The place in which you play your instrument is part of the sound of your instrument --- always.

I could go so far as to say that the location where you’re playing is actually part of your instrument, in the sense that the sounds coming out of your instrument are dispersed to, and return from, surfaces that are sonically connected to the instrument.

Listen for that!

When I’m playing in my living room, a complex environment for sound where there are many absorbent surfaces like rugs and couches, but there is also a flat eight-foot ceiling made of painted sheetrock, plus an opening to an acoustically reflective kitchen, plus a half-open stairway to the second floor, plus a couple of bookcases and a fireplace, plus two big plate-glass windows, plus a tiled foyer in the corner --- I get a complex but pleasantly controlled reflection of sound enhancing my hammered dulcimer or flute, or even Pat Sullivan’s tuba.  (But not Peter Budnikas’s bagpipes!  We recorded them in a church sanctuary!)

In a hotel meeting room with all its acoustic-deadening ceiling tiles and practically carpeted walls, the instrument’s sound almost disappears!

In a classy restaurant with hard reflective surfaces everywhere, the instrument’s voice blossoms out into near-incoherency!  (And all the talking diners get the same effect from their voices, and all this at the same time.)

In the corner of a large room with mostly hard surfaces, the sound is significantly amplified and can be overpowering.  This happened the other day as I rehearsed my flute with the Cantori Vocal Ensemble: Even though I played as softly as I could, the chorus couldn’t be heard well enough, so I had to move away from that corner.

Once during a wedding in the Wren Chapel of the colonial-era College of William and Mary, a tall wooden-walled room with slate floors and a plaster ceiling, I played solo a capella flute, and the room sounded glorious!  Afterward I mentioned to the organist Tom Marshall, ‘This room seems built for the flute!’  His response: ‘It was!’  And he pointed to the pipe organ, which, of course, is a collection of flutes.

In a forest, the trunk surfaces of individual trees create a distinct aura of sound that does indeed suggest nature in the music!

A concert played in a sonically pleasing room, like an old church, can sound a whole lot better than the same concert in a less pleasing room, like a convention center lobby.  Your audience may respond totally differently to what you share with them in these different places, and there’s a good chance they won’t have any idea why!  They may just think it’s you, and not a combination of factors.  Really.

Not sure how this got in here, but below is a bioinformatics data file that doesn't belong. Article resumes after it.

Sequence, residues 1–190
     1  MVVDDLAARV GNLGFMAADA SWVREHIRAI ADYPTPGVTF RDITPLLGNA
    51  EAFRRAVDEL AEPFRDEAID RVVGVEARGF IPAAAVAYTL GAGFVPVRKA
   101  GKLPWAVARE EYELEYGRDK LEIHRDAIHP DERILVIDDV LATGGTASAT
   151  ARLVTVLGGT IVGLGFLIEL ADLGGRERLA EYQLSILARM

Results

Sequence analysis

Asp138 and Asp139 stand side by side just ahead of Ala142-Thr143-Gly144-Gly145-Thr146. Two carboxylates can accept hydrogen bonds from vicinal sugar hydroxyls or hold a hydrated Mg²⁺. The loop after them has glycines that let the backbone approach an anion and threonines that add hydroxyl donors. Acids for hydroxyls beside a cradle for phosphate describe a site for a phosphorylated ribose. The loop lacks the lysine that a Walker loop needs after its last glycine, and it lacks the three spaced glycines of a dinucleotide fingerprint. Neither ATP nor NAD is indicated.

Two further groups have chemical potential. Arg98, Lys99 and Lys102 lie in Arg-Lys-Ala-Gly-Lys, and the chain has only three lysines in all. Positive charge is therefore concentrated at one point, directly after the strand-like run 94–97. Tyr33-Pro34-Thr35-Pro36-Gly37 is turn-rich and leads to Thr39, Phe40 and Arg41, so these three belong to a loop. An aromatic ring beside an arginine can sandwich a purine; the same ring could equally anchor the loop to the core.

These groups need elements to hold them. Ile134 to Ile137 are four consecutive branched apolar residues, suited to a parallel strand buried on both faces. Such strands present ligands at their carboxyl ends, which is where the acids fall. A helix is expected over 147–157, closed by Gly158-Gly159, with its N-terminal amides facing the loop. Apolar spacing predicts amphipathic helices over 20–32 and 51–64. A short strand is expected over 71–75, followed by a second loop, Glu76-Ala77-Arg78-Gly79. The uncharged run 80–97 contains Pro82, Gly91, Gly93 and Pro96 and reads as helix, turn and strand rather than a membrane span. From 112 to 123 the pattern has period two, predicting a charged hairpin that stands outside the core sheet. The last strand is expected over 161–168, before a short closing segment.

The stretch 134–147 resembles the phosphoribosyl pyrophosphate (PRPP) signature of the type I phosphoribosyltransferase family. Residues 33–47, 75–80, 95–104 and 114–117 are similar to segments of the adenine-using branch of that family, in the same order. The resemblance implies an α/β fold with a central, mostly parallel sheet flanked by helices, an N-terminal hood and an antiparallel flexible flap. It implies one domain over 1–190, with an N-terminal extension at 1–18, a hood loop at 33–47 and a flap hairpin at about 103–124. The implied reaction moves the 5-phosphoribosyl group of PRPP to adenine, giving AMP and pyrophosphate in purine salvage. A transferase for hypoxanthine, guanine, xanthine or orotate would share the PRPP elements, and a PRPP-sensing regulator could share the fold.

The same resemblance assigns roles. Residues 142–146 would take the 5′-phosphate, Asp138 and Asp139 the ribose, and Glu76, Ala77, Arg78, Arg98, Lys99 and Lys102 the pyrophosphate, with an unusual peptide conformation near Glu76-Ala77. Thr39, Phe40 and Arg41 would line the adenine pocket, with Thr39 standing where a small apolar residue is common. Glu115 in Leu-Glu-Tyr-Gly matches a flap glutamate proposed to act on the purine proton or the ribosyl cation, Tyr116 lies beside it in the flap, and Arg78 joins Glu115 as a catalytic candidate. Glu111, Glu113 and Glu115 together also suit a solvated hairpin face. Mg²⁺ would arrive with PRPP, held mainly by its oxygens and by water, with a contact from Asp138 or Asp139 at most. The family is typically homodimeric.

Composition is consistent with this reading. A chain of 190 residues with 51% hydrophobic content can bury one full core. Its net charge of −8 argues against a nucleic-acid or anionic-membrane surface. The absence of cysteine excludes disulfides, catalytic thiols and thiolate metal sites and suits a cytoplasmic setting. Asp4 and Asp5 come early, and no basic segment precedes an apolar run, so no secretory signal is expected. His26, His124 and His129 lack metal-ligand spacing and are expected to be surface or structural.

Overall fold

If you’re a musician, it’s good to develop a sense for these aural environments and to seriously consider how they work together with --- or against --- the sounds coming out of your instrument.

They surely count!

One last thought: What you hear at your instrument as you play probably isn’t the same as what other listeners are hearing.  For example, a hammered dulcimer’s sound pours out in all its fullness from the soundboard toward the player’s ears, a couple of feet away; but listeners may be twenty feet away, hearing sounds that slide sideways from the dulcimer and that reflect from distant walls and ceilings (if they’re there at all) --- and the sound may be amazingly different for them!  What sounds dynamic and exciting to you may sound soft and soothing to them.  One solution is to use microphones and a sound system to amplify the close sound you yourself are hearing, or to turn the instrument around to face the listeners better, or to invite them to come closer.  More here.

Another last thought: I find myself playing louder or quieter, faster or slower than I normally might, if a particular location seems to call for that.  A tiny room with live walls and listeners close by demands gentle and subtle playing, and a giant space with distant listeners tends to call for big, broad playing.  Context, context, context!